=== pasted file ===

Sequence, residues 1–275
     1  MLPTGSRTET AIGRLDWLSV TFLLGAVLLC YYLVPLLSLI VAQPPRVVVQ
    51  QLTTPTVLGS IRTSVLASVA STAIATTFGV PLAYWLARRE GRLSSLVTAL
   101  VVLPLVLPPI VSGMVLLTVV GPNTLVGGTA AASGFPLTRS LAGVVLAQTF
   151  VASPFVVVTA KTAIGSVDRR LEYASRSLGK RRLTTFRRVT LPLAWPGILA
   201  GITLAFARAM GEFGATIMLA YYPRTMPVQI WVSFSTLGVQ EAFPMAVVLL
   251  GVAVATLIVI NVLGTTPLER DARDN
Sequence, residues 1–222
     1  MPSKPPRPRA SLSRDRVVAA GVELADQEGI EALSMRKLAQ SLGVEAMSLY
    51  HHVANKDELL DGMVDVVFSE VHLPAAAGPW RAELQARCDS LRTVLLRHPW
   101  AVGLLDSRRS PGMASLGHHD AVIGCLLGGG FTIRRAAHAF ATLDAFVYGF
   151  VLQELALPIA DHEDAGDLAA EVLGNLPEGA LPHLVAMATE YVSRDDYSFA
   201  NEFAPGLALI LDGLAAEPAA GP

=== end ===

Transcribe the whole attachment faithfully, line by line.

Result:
Sequence, residues 1–275
     1  MLPTGSRTET AIGRLDWLSV TFLLGAVLLC YYLVPLLSLI VAQPPRVVVQ
    51  QLTTPTVLGS IRTSVLASVA STAIATTFGV PLAYWLARRE GRLSSLVTAL
   101  VVLPLVLPPI VSGMVLLTVV GPNTLVGGTA AASGFPLTRS LAGVVLAQTF
   151  VASPFVVVTA KTAIGSVDRR LEYASRSLGK RRLTTFRRVT LPLAWPGILA
   201  GITLAFARAM GEFGATIMLA YYPRTMPVQI WVSFSTLGVQ EAFPMAVVLL
   251  GVAVATLIVI NVLGTTPLER DARDN
Sequence, residues 1–222
     1  MPSKPPRPRA SLSRDRVVAA GVELADQEGI EALSMRKLAQ SLGVEAMSLY
    51  HHVANKDELL DGMVDVVFSE VHLPAAAGPW RAELQARCDS LRTVLLRHPW
   101  AVGLLDSRRS PGMASLGHHD AVIGCLLGGG FTIRRAAHAF ATLDAFVYGF
   151  VLQELALPIA DHEDAGDLAA EVLGNLPEGA LPHLVAMATE YVSRDDYSFA
   201  NEFAPGLALI LDGLAAEPAA GP